The Stuffed Animals that Germs Are Made On...
Updated: Jun 4, 2021
When you get them, they are plush and soft and silky and your kid just wants to cuddle next to them. But unlike real animals, stuffed animals don't lick themselves clean and over time they do get very, very germy and dirty. Some toys are machine washable (and should have a tag affirming this is so), but older, vintage, and more specialized toys (with leather or suede spots on them or parts made of plastic) might not do so well in the rinse cycle or spinning dry.
Aside from usual dust and dirt, it's actually imperative to clean a stuffed animal after the child has been sick and possibly coughing and sneezing all over their best real imaginary friend. Otherwise it becomes an incubator for germs.
If the toy is machine-washable, you can both surround it with towels to protect it or buy a mesh bag so that if the eyes come out they don't go down the path of lost socks. The dryer can be dicey for toys with plastic parts since the heat of the dryer can cause those parts to melt. Also not great for your appliance and that's not a repair bill anyone yearns to pay.
Be judicious with soap. Woolite is perfect. The milder the better. Too much soap leaves residue and stickiness. Less is more. Less is more. Less is more.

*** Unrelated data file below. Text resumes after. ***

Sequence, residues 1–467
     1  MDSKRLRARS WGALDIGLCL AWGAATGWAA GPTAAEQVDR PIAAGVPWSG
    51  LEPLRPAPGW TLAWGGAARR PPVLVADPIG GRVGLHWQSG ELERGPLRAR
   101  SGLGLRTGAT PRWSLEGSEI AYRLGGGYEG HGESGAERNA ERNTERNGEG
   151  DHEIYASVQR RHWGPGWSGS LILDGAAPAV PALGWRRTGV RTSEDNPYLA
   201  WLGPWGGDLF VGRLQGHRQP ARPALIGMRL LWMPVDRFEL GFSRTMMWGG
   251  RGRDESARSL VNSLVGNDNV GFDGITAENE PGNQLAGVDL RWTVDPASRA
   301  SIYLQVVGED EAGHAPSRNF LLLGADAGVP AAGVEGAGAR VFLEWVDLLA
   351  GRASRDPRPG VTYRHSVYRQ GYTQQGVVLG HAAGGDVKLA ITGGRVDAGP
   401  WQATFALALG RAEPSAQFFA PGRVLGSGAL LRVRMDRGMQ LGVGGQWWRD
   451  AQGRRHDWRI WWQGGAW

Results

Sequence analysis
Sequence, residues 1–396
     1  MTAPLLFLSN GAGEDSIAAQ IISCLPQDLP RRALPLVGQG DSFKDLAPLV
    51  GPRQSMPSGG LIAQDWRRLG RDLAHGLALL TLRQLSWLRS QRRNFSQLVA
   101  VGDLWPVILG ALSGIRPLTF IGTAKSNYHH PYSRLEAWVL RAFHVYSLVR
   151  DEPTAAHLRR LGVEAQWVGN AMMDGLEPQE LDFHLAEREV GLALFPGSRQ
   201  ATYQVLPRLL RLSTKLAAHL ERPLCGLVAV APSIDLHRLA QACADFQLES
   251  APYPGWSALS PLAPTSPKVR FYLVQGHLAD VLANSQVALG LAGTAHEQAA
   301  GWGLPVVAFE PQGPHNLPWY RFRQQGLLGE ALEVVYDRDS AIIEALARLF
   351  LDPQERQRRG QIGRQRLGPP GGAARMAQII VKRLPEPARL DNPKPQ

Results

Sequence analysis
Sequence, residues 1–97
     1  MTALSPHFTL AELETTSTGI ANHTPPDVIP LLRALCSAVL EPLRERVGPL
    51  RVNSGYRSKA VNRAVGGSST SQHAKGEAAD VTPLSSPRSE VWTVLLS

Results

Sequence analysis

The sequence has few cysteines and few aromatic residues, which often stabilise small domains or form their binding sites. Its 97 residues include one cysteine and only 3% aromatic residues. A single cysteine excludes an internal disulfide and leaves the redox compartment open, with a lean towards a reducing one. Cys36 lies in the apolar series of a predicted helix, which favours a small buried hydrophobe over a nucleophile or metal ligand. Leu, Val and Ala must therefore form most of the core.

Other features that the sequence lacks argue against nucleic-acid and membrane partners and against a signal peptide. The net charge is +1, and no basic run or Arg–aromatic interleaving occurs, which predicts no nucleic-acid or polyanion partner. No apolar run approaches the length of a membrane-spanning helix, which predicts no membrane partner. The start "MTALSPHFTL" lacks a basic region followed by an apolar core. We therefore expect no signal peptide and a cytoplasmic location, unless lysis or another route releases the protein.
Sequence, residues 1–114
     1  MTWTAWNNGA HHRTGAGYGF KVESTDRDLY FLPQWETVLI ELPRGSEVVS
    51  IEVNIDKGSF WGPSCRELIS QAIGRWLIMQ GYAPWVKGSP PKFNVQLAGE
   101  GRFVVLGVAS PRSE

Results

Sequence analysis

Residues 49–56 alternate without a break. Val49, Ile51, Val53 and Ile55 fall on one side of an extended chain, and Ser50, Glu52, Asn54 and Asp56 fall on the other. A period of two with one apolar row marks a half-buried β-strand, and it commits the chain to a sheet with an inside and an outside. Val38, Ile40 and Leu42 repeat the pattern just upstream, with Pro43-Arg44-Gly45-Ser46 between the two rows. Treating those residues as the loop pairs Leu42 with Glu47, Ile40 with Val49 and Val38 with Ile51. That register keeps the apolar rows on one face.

If you are washing a stuffed animal by hand, find a big bucket or sink where you can submerge the animal entirely (and bonus, unlike real animals, they don't claw their way out, shake water all over you, or squirm). Spot test your cleaner first to make sure it doesn't damage the toy. Add a bit of very mild detergent like Woolite, Soak, or even baby shampoo to the bucket, and saturate the animal for 15-60 minutes (start with the shorter duration of time and see how that particular toy does first before longer dunking sessions, especially for very delicate animals). Rinse the animal under running water to fully remove detergent and gently squeeze to remove the soap. Push out as much excess water as you can.
Then air dry like a real pet, preferably in a warm, dry, sunlit place.
This probably shouldn't need to be said, but for toys that have mechanical or electronic parts, do NOT submerge these in water. Use a wet cloth and mild soap. Then rinse with a clean wet cloth. Keep the electronic parts from shorting out.
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